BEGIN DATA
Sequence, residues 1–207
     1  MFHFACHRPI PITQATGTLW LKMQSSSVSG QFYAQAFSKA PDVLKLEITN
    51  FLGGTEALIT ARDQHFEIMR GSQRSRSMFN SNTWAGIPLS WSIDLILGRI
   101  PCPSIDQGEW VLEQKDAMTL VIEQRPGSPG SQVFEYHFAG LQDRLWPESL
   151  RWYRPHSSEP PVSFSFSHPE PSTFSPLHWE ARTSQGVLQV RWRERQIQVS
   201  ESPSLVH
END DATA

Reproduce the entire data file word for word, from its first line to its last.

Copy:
Sequence, residues 1–207
     1  MFHFACHRPI PITQATGTLW LKMQSSSVSG QFYAQAFSKA PDVLKLEITN
    51  FLGGTEALIT ARDQHFEIMR GSQRSRSMFN SNTWAGIPLS WSIDLILGRI
   101  PCPSIDQGEW VLEQKDAMTL VIEQRPGSPG SQVFEYHFAG LQDRLWPESL
   151  RWYRPHSSEP PVSFSFSHPE PSTFSPLHWE ARTSQGVLQV RWRERQIQVS
   201  ESPSLVH